7. How many household accounts do you have?

Make sure to ask how many household accounts a financial advisor has under them. This is not just asking for the number of accounts. Household accounts are a much different number.

A household account could have several accounts under it. For example, a husband and wife that both have an IRA and also a traditional brokerage account. This is one household and not three accounts.

If you ask for the number of accounts only, an advisor might tell you they have 500 accounts, but in truth, there might only be 100 households. This would mean the advisor only has 100 real clients and not 500 clients. A number too low and it could show the advisor is not very successful. One with a high number of households and you might just end up being another client with a number.

There can be exceptions to the number of households. It is possible for a well- established advisor with very high net worth clients to have a small number of households. Generally, you probably want to see a household number between 200 and 500. An advisor with a good team and support staff can also have an easier time managing more households and accounts.

8. How many accounts would you say clients have closed with you in the previous few years and moved them to another advisor?

This is another question you might not be comfortable asking, but it is one that needs to be asked. If you have an advisor that quickly tells you no client of theirs has ever moved an account, this should be a red flag.

Personalities can differ and with financial advisor’s this can certainly be the case. It would be rare that an advisor did not have any clients decide to leave them. If the advisor tells you they do not keep a record of their clients that leave, be on alert. Most do know which clients have left and when they decided to leave.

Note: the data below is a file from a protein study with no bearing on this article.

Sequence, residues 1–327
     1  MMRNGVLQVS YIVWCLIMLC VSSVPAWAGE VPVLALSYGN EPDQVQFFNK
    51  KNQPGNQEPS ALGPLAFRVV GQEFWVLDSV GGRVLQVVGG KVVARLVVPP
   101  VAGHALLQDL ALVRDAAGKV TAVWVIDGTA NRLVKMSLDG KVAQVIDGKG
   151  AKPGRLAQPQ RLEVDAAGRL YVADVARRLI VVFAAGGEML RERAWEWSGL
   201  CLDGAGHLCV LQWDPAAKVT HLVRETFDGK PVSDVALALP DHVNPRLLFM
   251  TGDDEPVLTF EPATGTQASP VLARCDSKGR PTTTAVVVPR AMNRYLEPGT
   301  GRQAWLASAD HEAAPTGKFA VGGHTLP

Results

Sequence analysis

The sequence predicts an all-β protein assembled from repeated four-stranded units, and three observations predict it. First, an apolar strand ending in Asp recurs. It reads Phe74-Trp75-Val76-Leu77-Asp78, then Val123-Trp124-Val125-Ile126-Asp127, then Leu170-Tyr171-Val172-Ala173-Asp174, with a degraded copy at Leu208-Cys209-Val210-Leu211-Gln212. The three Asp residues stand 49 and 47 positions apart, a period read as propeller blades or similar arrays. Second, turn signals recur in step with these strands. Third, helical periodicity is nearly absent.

9. Have you ever asked a client to move their account?

Believe it or not, there are financial advisors that will ask a client to move their account. It might be due to the advisor not being able to provide the service the client expects. A client might also be asked to leave because they will not follow the advice provided. Advisors will ask people to move their accounts if the relationship is no longer working.

An advisor that has no problem asking a client to leave can be a good and bad thing. However, it can be nice to know they do not keep every account just because it provides an income.

Just about every financial professional will have at least a few clients they likely would like to see leave. Many times, they will keep the ones that provide substantial revenue. Yet, often there is a limit and they might even let them go.

10. Have you or your firm ever had a written complaint filed against you? Did you plead guilty or no wrongdoing?

The answer to this question that you will likely want to hear is “no”. However, there are numerous financial advisors with formal complaints on their records. Especially if it is an advisor that has been in the business for decades.

The problem with advisor complaints is that many of them may not be warranted. Investors will many times get upset just on the premise of losing value in their investment. A client may also file a complaint stating that they did not agree with an advisor’s recommendation at a later date due to investment loss.

Some really good financial professionals will have at least one complaint on their record at some point. This does not necessarily make them dishonest or unethical. It is also not uncommon for an advisor to admit to no wrongdoing and pay an amount to settle a dispute.

If a financial advisor admits to something in a complaint, this deserves a second look. Also, an advisor that has several complaints on their record should be a real red flag. Any type of suspension or something along these lines should also be an issue.

The problem with complaints in the financial services business is some advisors and even brokerage firms look at them as a cost of doing business. What this means is some will keep doing what they have done and just deal with the consequences if they come up. You will not only want to look at the financial advisor’s complaint records but also view the record of the broker-dealer they are representing.

FINRA has an easy broker check you can perform at https://brokercheck.finra.org/. This will show the record of a potential advisor.

11. What can I expect from you as my Financial Advisor?

Setting expectations with an advisor early is important. You need to know what services the financial advisor will be able to offer.